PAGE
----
Recently there has been much debate about the proposed TEACH Act. As the landscape in higher education has evolved, and most educational opportunities now require use of electronic and information technology, institutions have been left without an effective structure for taking access for all into account. Currently, institutions have only lawsuits and enforcement actions to guide them; the point of the TEACH Act is to pave the way for consistent national guidance. The Association on Higher Education and Disability (AHEAD) supports the proposed legislation and seeks to clarify a few points.
It is important to remember that the TEACH Act comes directly from a recommendation made in the Accessible Instructional Materials (AIM) Commission Report, and that the AIM Commission was authorized within the Higher Education Opportunity Act (HEOA) of 2008 and had representation of AHEAD as well as additional representation from both two-year and four-year colleges, advocacy groups, service providers, and publishers.
In addition, it is helpful to take a close look at the TEACH Act language itself, and compare it to the arguments being raised in op-eds such as the recent “Good Intentions, Bad Legislation,” published by Inside Higher Ed. While there are several arguments that were raised within the opinion piece that warrant a closer look, one particular statement claimed: “Rather than simply providing helpful, voluntary guidelines, the TEACH Act would effectively require colleges to only use technologies that meet guidelines created by a federal agency, or risk being sued.”
In reality, voluntary guidelines are precisely what the legislation would authorize the Access Board (the federal agency referenced in the op-ed) to establish. While it is conceivable that a federal agency could choose to adopt those guidelines at some point in the future, this legislation itself is simply outlining a means for guidelines to be established. Guidelines would not require institutions to adopt or not adopt any given technology; they would, however, serve as navigational structures that institutions could use to chart their course.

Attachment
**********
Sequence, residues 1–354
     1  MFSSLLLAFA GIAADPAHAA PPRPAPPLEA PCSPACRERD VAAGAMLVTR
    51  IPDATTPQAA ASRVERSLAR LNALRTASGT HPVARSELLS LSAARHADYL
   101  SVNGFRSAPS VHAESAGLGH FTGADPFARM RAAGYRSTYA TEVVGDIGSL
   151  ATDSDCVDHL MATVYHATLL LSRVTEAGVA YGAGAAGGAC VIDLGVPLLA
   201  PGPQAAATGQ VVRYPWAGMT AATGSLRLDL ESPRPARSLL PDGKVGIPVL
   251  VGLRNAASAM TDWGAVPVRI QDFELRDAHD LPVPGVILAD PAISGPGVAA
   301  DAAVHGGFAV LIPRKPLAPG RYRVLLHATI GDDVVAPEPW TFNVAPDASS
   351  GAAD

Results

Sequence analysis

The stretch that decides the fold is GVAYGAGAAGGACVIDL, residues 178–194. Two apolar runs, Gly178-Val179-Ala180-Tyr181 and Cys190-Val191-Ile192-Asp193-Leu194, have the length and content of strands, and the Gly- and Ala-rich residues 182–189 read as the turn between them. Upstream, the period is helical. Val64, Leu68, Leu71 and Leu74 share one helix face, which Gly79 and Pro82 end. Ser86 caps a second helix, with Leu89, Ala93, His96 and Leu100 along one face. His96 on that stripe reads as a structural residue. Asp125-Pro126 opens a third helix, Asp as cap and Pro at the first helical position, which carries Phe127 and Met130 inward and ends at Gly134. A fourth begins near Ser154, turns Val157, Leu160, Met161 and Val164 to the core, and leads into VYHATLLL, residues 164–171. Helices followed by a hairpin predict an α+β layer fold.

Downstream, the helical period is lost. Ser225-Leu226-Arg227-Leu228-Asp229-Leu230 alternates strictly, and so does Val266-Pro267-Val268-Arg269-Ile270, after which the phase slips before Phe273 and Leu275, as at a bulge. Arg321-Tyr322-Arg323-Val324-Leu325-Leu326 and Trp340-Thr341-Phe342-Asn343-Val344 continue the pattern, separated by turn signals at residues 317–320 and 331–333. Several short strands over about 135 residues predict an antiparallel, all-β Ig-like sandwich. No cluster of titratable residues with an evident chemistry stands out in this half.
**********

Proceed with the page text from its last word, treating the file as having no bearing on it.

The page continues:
The bigger point, though, is that colleges and universities are already required to honor the Americans with Disabilities Act of 1990, as amended in 2008 (ADA) and Section 504 of the Rehabilitation Act of 1973 (Section 504), as well as any relevant state or local statutes. This responsibility is already established, but as court case after compliance review after investigation has proved, institutions are struggling to meet the existing obligations. This legislation does not add new responsibilities or any additional burden, undue or otherwise, to educational institutions, but could, by establishing a common baseline for due diligence, help alleviate some of the existing burden.
In addition, having recognized guidelines allows the commercial publishers, software developers, and others who produce for the educational market to create products that will assist their customers in meeting their current obligations under the law. The TEACH Act would not change the existing requirements surrounding the adoption of technology, but it would provide guidance for both the producers and consumers of educational products.
Under both the ADA and Section 504, colleges and universities are required to provide equally effective access to students with disabilities. Currently, campuses struggle to meet this obligation when it comes to technology. We know that the individual accommodation process is not an effective way to ensure equal access in regard to information- and communication technology-related barriers. This legislation expressly allows the individual accommodation process to be utilized where appropriate, and would offer institutions a more effective framework within which to operate to better ensure efficient, proactive accessibility rather than second-class service to some of their students.
Currently, most institutions can only “accommodate” inaccessible technology with patches, workarounds, and other local ad hoc approaches that not only result in unequal and less effective access, but also are unsustainable.
The point of the TEACH Act, we believe, is to end after-the-fact decision-making processes in how to accommodate technology. The point is not to force certain choices upon the institutions but to ensure that the needs of individuals with disabilities are seriously considered and taken into account at the right point in the acquisition process.